notes from the boat
It's been a week since we left Ensenada and a week since we walked on land!
We thought we'd time our departure from Ensenada to coincide with 15 knot
winds all the way down the Baja peninsula. We'd cruise down to Cabo San
Lucas in about four days. Perfect. Around into the Sea of Cortez and Bob's
your uncle. Or so we thought.
For the next week we had everything from absolutely no wind at all,
wallowing around in giant swell about a hundred miles offshore to 30+ knots
where we surfed to our top speed of 10.6 knots, the record to beat.
Days and nights blend into on and off watches. Our usual watch system
consists of three hours on and three hours off during the night, allowing
the other person to get some sleep. During the day we read, sleep if
necessary, eat, hoist the spinnaker, eat, watch for wildlife, eat more, take
down the spinnaker because the wind's changed, wait five minutes then raise
the spinnaker, start the engine because there's no wind, kill the engine
because the wind's picked up and then madly reef because the wind's hit 30
The night watch is a time for reflection, realizing how small we are in
this vast ocean, surrounded by the enormity of the sky, the multitude of
stars, matters of importance tend to take on a different perspective. The
main concern being we don't hit anything and no one (particularly an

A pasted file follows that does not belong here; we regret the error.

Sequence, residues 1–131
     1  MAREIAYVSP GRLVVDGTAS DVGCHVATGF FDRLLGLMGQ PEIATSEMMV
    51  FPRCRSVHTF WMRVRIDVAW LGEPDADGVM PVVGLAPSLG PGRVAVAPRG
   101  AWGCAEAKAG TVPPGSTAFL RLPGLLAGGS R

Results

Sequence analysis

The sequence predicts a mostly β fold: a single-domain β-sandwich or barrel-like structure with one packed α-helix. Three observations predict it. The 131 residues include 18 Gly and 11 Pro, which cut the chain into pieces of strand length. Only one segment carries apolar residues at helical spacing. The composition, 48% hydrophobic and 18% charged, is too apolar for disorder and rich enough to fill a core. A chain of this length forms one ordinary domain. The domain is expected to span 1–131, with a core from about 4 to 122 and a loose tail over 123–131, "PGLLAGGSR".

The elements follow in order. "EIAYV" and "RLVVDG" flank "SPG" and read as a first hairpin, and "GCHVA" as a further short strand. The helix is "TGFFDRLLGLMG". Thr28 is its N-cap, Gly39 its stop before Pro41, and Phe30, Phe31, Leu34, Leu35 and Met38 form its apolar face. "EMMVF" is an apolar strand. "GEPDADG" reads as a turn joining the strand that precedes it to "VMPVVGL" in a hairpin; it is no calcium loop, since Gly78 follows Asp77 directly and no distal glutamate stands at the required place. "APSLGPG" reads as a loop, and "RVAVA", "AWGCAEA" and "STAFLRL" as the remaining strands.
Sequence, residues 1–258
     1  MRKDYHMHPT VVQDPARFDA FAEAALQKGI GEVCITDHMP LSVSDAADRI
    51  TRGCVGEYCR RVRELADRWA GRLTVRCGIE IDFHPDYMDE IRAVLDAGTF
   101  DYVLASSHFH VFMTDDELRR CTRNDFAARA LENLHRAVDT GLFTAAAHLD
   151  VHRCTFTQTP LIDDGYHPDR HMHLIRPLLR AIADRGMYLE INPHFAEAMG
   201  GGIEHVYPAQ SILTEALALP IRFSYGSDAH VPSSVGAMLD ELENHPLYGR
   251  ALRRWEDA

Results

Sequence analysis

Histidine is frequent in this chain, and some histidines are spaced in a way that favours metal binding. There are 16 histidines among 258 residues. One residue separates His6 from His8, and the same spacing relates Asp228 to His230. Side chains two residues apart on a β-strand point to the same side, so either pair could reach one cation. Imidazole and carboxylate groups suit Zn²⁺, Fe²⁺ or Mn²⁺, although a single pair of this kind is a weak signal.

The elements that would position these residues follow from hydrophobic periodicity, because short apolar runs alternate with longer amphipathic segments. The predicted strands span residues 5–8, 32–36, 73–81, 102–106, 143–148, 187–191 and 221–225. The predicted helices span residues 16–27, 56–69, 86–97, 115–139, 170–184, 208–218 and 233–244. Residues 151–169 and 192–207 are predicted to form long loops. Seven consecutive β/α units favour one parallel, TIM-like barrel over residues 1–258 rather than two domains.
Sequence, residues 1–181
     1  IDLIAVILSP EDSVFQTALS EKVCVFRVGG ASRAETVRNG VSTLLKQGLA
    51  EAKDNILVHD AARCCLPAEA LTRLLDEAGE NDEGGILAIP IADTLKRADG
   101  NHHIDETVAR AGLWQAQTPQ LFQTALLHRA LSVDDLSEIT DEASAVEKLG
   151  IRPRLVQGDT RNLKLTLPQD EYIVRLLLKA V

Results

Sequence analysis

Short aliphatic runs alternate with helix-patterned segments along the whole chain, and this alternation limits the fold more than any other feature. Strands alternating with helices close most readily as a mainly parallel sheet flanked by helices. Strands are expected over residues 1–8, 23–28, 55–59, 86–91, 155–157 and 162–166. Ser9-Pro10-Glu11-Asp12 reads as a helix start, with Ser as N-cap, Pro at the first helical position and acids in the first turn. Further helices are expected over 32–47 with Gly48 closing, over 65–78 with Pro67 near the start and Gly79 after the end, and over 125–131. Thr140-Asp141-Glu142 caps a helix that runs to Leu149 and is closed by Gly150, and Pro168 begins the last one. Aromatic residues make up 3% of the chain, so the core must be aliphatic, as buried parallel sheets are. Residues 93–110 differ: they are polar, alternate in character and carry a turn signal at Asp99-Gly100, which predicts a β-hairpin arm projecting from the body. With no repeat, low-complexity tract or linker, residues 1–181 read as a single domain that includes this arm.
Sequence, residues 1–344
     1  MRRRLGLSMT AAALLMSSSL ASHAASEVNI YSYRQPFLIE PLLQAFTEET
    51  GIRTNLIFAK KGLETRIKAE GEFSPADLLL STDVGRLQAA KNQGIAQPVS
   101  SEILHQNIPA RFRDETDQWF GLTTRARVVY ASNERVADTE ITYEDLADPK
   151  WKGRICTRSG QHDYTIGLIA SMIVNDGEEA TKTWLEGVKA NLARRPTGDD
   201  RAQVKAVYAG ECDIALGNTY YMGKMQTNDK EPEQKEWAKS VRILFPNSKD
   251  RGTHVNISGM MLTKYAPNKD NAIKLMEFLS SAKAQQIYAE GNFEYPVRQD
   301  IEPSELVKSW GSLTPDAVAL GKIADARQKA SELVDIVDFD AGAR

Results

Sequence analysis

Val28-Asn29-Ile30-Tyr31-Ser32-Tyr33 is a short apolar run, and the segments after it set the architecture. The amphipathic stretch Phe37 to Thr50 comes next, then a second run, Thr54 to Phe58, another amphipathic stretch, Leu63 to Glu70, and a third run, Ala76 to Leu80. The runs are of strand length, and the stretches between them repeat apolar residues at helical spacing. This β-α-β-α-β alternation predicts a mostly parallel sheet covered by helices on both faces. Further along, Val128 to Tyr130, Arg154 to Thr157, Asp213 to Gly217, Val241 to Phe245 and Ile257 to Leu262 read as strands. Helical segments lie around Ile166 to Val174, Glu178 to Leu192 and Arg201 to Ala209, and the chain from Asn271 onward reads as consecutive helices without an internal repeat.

enormous tanker) hits us.
We've been accompanied most days by dolphins swimming in the bow wave.
Standing above them on the bow it was possible to hear them communicate. We
also spotted the spout from a California Grey whale on her way back to
Great excitement the other day as Carl caught a large blue fin tuna. We're
not exactly sure how big it was and unfortunately we forgot to photograph it
before we ate it. A primitive moment firing up the barbeque, Carl cleaned
the fish and we tossed a couple of steaks on. Best guess was that it was
about 15lbs and we were still eating it several days later. It's an amazing
thing to catch a fish and within half an hour have cooked and eaten it.
Being a bit on the squeamish side though, food on the hook is a bit too real
and all eyes were averted while Carl did the honours with a winch handle.
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